The Second Laav advises for a blissful wedded life, placing the Guru at the heart of the marriage.
The Third Laav instructs spending time in the company of Sangat (holy/good congregation).
The Fourth Laav describes the union of the couple with the Creator, and completes the marriage ceremony.
After the Laavan, the Raagi sings some stanzas from the Anand Sahib prayer to conclude the Anand Kaaraj. A sweet edible offering called Parshaad (made from flour, sugar and ghee) is distributed to the Bride, Groom and rest of the congregation.
The Laavan is more than just the Sikh wedding ‘vows’. It’s actually a poetic metaphor in attempting to make us mere human beings understand the attachment between a faithful Disciple and their love for the Beloved (Almighty Creator). The Bride is likened to the Disciple, and the Almighty Creator is likened to the Groom. Which is why the marriage is not just a physical union, but a spiritual one – a union of one light (or soul) in two bodies. The idea is one of a ‘Soul Bride’, and that all of humankind is personified as genderless Brides, i.e. both the bride and groom are the Soul Bride. The disciples are both the human Bride and Groom who form a union together as a couple with the Almighty Creator.
The Anand Kaaraj is then followed by Langar, courtesy of the Bride’s family, and consists of a hearty Vegetarian meal. This is where the Sikh Wedding Ceremony concludes.
Doli (Bride bids farewell to her maternal home)
This is by far the most emotional part of the wedding, or at least it was for me and my sisters!
The Punjabi cultural practise of bidding the Bride farewell from her parental home follows immediately after the Anand Kaaraj or after the post-wedding party. This is called the ‘Doli’, as traditionally the Bride would be carried in a palanquin (Doli) carried by her brothers and male members of her family as a procession takes her from her own village to her husband’s village. Her husband would accompany her on horse at the front of the procession, keeping his sword at hand should he need it to fight away those pesky bandits. This is why you will see a Sikh groom carrying a Kirpan (a sword) as part of his wedding day attire – another example of a cultural practise finding it’s way into a faith-based ceremony.
The Groom and his family will make their way to the Bride’s home (if the Doli is taking place from her home) and be met by the Bride’s sisters and other female relatives at the front door, who will only allow the Groom and his family into their home when their financial demands are met by the Groom! Essentially, this is just a form of Punjabi banter where the Groom has to pay his way into the home. Once he is out of pocket (!) the Groom and his family are welcomed into the home and offered refreshments. This is a bittersweet moment as the Bride’s family comes to terms with the fact that their sister, daughter, cousins, aunt is now officially leaving her home, but ready to start her life with her husband and his family. The Bride is brought into the room where the Groom and his family are waiting, and the couple are fed more auspicious Ladoo’s and sometimes given gifts in the form of money.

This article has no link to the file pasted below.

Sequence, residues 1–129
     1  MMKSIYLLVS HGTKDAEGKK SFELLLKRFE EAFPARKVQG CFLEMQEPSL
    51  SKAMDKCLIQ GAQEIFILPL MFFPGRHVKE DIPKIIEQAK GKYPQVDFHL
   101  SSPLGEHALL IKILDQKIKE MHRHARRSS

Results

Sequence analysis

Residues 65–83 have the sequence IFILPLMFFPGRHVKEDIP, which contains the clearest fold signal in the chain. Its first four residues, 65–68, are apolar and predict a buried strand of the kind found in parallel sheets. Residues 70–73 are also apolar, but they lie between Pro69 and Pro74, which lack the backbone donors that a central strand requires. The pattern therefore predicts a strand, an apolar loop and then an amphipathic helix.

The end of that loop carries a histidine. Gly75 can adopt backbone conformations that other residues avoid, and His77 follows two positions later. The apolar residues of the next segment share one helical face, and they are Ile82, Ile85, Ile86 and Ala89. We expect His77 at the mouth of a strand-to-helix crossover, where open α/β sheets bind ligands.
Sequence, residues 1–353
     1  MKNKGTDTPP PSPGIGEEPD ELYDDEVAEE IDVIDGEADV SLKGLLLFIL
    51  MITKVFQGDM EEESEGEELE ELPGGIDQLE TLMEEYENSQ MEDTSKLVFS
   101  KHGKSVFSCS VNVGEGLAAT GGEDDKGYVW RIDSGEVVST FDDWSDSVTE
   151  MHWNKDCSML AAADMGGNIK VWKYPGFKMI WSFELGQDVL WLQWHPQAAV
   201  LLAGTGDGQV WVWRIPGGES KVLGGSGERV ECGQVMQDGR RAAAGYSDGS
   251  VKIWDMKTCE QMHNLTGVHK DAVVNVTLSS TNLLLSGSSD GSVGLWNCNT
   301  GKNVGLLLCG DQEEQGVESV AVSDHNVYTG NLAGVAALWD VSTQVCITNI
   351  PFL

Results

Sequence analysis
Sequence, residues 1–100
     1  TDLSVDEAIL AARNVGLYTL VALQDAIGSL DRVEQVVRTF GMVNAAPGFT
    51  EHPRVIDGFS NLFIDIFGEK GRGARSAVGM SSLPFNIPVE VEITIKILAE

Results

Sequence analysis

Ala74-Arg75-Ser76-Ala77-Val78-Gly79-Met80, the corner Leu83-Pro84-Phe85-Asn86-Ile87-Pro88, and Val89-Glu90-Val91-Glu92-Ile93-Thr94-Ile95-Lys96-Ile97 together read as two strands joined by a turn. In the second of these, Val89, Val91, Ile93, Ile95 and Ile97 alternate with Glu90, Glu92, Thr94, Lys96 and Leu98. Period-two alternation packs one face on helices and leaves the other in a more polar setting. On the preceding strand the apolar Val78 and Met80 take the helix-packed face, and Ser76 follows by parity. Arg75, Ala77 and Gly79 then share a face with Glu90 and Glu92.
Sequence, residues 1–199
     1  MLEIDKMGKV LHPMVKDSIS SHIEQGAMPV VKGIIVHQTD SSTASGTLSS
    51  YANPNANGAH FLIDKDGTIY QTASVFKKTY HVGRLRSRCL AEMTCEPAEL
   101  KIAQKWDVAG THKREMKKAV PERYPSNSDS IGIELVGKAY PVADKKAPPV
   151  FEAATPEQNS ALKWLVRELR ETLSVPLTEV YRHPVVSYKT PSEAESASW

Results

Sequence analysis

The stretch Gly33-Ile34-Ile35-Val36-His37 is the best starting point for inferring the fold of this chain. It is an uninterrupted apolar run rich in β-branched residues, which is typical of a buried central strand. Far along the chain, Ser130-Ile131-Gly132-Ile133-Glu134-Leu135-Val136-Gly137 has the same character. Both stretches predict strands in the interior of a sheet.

Nowadays, Bride’s leave their homes in a car and not a traditional palanquin. As the couple exit the room and make their way to the threshold of the Bride’s home, the Bride will take fistfuls of uncooked rice from a bowl and throw it over her shoulders This is done all the while as she makes her way to the car that will take her to her new home. This custom of throwing rice symbolises the Bride’s way of ensuring that her parental home will forever be prosperous after spending all that money on the wedding!
As the Bride is seated in the car, her family members and loved ones take it in turns to say their goodbyes. This was absolutely heart-breaking for my sisters, and me, and nothing could prepare me for this moment especially having to say goodbye to my twin sister!
If the family chooses to have a post-wedding party or reception, then the guests would make their way over to the party venue.
A big thank you once again for Hernoor and Sukhman for writing these posts exclusively for Secret Wedding Blog.